"The state was a crash test dummy of the industry and for all the doomsayers who said crime would increase as well as drug abuse," he said. "Colorado was a wild success with opioid addiction and overdoses dropping. Two or three states after legalization have shown states that the paradigm shift for legal cannabis has already reached a tipping point and their economies need it."
The economic impact for these states is immense - California is estimated to increase to $10 billion market by 2020, while Florida's medical market should be a $1 billion industry by 2020, said Michael Berger, a former Raymond James energy analyst and founder of Technical420, a Miami-based company that conducts research on cannabis stocks. California's recreational market is not likely to start until 2018 since Colorado voters passed the usage in 2012 and the program did not start until January 1, 2014.
"I expect the cannabis industry to be a $75 billion dollar industry by 2020," he said. "Although many people's estimates are below this, I take into account more than just the sale legal cannabis because the ancillary business will benefit significantly."
The medical marijuana initiatives are being voted on Arkansas, Florida and North Dakota while Montana is voting on an initiative to "fix the medical marijuana program after it was gutted by the legislature several years ago," said Morgan Fox, communications manager for the Marijuana Policy Project, a Washington, D.C.-based marijuana policy reform organization.
In California alone, the state and local revenues are expected to generate over $1 billion annually, according to an analysis from the nonpartisan Legislative Analyst's Office, said the Marijuana Policy Project of California. State and local governments could save $100 million annually from lower costs been allocated for enforcing marijuana-related offenses such as legal and incarceration costs.
Future State Legislation
Ballot initiatives are not likely to occur in 2017, since it is an off-cycle election year, but movement could occur in Rhode Island, Vermont and New Jersey at the statehouse level next year, said Robert Hunt, president of Teewinot Life Sciences, a Tampa, Fla.-based cannabinoid biosynthesis company, and a partner at Tuatara Capital, a New York-based private equity fund dedicated to the legal cannabis industry.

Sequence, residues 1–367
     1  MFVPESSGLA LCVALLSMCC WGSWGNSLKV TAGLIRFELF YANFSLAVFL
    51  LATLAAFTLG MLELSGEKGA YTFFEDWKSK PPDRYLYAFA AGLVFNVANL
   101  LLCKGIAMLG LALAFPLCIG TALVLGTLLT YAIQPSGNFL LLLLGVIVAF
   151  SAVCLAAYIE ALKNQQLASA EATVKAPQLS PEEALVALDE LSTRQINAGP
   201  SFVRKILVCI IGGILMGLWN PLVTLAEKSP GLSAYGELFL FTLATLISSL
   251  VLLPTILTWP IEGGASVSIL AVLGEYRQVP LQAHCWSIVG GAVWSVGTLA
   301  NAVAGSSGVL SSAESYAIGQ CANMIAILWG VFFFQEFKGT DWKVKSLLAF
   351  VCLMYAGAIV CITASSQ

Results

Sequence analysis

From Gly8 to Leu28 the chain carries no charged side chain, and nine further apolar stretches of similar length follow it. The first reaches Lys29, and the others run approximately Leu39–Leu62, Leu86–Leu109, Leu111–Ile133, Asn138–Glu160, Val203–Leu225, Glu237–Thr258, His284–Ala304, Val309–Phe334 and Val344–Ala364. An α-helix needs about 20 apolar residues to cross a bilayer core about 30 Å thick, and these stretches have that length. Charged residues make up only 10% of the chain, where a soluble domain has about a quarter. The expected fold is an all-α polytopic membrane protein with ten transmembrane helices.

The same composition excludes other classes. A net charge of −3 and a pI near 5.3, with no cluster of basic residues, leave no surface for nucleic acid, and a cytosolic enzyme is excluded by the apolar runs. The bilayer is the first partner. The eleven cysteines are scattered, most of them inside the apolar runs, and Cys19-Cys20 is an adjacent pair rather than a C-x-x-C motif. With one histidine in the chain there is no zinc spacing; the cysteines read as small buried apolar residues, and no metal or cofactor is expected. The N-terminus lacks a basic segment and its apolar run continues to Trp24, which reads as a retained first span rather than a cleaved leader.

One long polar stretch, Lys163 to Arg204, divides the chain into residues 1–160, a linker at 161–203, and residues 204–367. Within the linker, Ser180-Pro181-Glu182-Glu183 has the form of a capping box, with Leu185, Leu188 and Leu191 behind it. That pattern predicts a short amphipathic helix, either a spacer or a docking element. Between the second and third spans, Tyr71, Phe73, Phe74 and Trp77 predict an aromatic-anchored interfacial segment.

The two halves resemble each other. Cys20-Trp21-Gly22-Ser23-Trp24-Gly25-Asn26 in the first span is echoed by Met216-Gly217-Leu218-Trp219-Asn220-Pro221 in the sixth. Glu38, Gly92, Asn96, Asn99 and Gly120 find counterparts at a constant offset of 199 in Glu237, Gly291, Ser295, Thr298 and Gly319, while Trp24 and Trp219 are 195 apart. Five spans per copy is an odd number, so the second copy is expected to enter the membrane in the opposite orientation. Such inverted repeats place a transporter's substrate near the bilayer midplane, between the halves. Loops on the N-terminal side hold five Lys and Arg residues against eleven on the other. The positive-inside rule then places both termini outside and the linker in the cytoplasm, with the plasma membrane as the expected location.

State legislatures who chose to expand a program do not need voter approval and it is likely more legislators will choose this strategy in 2017 and 2018, said Brett Roper, COO of Medicine Man Technologies (OTCQB: MDCL), a Denver-based cannabis consulting services company.
"I predict that in 2017 and 2018 instead of straight ballot initiatives, we will see the first states pass adult use legalization through legislatures," he said. "Vermont and Rhode Island have long been a favorite picks of observers for being the first to legalize through a legislative process and there has been some movement in New Jersey that has also been encouraging."
Well-regulated medical cannabis or adult use state markets can usually generate at least 10% of total sales, Hunt said.
"The total economic impact when accounting for direct and ancillary job creation is often in the billions of dollars in states with a decent sized population," he said. "We are already seeing this in the earliest adopting states with robust markets."